Thank you for being who you are. Having your likes and dislikes, your interests and disinterests, and the way you carry yourself throughout this world.

I really do appreciate the number of people who read the words contained in this blog. For that reason I must continue.

Tomorrow I will try something a little different. A series of related blogs over 3-4 days. I know attention is not easy to keep in one place for a long time, so I will break the words up over consecutive days.

Please leave feedback if you have time. It is most helpful for everyone. Thanks!

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The Moon Cannot be Stolen

Ryokan, a Zen master, lived the simplest kind of life in a little hut at the foot of a mountain. One evening a thief visited the hut only to discover there was nothing to steal.
Ryokan returned and caught him. ‘You may have come a long way to visit me,’ he told the prowler, ‘and you should not return empty-handed. Please take my clothes as a gift.’
The thief was bewildered. He took the clothes and slunk away.
Ryokan sat naked, watching the moon, ‘Poor fellow,’ he mused, ‘I wish I could give him this beautiful moon.”


Filed under Zen

Your World

“We need to define our priorities- the values, endeavours that guide us- and build our worlds around those things. It’s not enough just to get through the day. We need to make every day a platform for accomplishing what we want out of life. We must take responsibility for ourselves and the world we live in so that we can live with ourselves and the world around us.”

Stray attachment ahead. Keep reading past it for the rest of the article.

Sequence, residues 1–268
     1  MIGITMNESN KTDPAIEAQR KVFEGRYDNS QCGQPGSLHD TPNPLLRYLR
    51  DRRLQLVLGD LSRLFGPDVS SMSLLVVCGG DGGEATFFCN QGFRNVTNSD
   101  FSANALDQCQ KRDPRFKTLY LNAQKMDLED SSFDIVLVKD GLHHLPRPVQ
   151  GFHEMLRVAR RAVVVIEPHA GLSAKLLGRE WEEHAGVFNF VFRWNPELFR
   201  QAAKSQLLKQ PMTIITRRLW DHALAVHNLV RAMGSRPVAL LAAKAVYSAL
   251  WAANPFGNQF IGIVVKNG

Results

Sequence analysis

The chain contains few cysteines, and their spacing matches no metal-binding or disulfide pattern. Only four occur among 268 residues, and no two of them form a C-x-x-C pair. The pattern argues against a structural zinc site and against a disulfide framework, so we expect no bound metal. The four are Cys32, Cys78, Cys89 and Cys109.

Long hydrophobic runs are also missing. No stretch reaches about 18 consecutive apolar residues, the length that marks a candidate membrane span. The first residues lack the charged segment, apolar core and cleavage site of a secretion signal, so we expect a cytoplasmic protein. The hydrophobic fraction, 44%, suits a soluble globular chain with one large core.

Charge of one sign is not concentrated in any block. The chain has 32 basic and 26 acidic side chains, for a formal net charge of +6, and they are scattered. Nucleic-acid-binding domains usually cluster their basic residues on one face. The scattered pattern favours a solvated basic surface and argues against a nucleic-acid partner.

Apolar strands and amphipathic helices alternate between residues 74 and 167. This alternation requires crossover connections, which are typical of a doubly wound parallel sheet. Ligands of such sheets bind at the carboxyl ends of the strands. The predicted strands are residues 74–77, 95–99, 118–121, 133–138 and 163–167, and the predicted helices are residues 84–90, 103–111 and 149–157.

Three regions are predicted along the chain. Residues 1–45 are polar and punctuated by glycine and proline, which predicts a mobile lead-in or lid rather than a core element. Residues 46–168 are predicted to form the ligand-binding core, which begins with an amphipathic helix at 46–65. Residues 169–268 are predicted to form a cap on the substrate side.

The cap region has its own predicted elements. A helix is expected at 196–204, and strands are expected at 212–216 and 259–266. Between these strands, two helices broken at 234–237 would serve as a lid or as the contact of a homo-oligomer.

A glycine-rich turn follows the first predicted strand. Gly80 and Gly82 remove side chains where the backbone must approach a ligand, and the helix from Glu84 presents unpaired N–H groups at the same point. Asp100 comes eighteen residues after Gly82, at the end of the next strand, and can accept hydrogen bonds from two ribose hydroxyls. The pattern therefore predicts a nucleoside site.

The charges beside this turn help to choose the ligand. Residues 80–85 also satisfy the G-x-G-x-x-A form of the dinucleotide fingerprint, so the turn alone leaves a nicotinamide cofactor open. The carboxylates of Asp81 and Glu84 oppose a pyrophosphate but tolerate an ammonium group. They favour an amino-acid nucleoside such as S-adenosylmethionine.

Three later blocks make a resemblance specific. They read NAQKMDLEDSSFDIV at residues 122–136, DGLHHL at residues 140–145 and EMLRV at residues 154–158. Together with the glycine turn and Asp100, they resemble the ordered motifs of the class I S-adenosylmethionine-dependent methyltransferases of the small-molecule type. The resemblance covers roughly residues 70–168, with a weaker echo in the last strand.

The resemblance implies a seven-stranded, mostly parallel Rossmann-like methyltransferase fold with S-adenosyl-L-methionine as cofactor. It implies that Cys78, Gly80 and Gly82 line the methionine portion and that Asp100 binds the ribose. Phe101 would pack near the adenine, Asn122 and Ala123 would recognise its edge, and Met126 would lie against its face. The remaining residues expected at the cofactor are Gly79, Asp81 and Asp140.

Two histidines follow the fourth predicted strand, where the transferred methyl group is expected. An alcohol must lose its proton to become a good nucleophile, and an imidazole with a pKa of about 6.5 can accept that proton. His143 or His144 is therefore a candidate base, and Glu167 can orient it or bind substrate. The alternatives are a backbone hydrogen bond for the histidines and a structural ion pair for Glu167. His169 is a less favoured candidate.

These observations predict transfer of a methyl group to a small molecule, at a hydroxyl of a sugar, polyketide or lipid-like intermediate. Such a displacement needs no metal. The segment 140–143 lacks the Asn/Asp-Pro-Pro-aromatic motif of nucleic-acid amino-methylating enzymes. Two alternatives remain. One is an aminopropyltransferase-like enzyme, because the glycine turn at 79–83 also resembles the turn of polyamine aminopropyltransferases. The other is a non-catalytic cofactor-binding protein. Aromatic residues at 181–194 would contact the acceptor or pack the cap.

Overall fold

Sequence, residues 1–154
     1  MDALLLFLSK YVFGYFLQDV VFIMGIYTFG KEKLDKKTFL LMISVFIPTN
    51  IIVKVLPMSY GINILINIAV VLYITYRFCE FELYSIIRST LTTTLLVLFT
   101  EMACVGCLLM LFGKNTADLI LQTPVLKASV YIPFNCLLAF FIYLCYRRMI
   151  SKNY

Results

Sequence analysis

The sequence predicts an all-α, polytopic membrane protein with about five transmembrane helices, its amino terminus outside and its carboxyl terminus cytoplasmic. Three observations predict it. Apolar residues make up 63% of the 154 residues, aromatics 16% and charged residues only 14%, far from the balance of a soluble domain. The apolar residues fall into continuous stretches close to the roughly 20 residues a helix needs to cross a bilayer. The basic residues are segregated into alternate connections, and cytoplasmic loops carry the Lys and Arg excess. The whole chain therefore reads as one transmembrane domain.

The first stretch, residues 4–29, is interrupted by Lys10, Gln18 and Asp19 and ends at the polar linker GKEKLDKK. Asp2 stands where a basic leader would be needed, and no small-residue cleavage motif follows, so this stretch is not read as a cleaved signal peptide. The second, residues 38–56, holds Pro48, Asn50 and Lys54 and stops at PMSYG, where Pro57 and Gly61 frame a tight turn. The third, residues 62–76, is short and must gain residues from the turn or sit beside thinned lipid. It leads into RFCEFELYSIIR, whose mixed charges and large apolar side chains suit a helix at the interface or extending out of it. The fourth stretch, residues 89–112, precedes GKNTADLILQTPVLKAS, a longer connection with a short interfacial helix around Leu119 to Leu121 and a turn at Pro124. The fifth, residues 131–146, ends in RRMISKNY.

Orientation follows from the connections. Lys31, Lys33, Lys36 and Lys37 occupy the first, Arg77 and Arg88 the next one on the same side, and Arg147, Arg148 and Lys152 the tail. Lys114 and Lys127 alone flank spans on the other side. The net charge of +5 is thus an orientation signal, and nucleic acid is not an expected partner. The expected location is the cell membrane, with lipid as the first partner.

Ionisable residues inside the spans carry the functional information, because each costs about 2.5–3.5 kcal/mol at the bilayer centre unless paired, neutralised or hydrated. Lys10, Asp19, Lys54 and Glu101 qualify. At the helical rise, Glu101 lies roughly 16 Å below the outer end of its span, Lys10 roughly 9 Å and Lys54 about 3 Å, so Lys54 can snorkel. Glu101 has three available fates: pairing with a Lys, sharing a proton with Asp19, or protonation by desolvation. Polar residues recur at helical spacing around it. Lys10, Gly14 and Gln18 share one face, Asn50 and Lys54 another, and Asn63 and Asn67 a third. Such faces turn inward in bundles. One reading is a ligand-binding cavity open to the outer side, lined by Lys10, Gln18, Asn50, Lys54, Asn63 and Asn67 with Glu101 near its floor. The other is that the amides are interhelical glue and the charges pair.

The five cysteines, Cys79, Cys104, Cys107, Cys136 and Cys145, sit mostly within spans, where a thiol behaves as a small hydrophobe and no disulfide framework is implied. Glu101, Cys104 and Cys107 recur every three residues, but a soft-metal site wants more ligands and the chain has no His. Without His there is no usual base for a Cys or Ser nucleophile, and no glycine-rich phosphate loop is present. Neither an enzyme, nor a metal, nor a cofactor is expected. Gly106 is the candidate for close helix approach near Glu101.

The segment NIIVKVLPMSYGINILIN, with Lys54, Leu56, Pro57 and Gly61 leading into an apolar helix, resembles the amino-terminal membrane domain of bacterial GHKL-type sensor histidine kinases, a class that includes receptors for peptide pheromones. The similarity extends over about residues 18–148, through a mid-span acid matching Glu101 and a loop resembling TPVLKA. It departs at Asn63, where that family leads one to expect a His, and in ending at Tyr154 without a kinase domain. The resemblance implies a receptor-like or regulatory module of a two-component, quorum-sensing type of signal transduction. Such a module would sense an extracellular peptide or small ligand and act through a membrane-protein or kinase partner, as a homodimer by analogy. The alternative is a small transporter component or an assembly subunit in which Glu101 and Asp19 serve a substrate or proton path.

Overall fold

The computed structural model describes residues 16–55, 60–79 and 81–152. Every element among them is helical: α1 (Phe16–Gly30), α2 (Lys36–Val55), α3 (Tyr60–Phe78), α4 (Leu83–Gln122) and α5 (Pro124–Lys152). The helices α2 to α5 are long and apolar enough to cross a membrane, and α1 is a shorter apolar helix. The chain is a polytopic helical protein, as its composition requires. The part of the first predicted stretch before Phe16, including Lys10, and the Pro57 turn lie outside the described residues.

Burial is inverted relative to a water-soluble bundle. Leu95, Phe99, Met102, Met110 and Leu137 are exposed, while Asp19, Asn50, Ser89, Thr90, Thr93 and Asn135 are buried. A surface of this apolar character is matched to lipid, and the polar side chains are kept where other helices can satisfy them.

Joanna Smith Bers

To expand on this quote. I often make the point that one can achieve anything they desire. For me this quote says it all. Surely it isn’t enough just to get through the day and we should be preparing our own worlds to receive our dreams.

Give yourself a minute before you get back ‘to work’ and really think what it is you want. It won’t arrive by tomorrow, but with continued efforts and the right mindset, it CAN be achieved. How soon is down to you!


Filed under positivity

Choiceless awareness

Choiceless awareness.

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Is That So?

The Zen master Hakuin was praised by his neighbours as one living a pure life.
A beautiful Japanese girl whose parents owned a food store lived near him. Suddenly, without any warning, her parents discovered she was with child.
This made her parents angry. She would not confess who the man was, but after much harassment at last named Hakuin.
In great anger the parents went to the master. ‘Is that so?’ was all he would say.
After the child was born it was brought to Hakuin. By this time he had lost his reputation, which did not trouble him, but he took very good care of the child. He obtained milk from his neighbours and everything else the little one needed.
A year later the girl-mother could stand it no longer. She told her parents the truth- that the real father of the child was a young man who worked in the fish market.
The mother and father of the girl at once went to Hakuin to ask his forgiveness, to apologise at length, and to get the child back again.
Hakuin was willing. In yielding the child, all he said was: ‘Is that so?’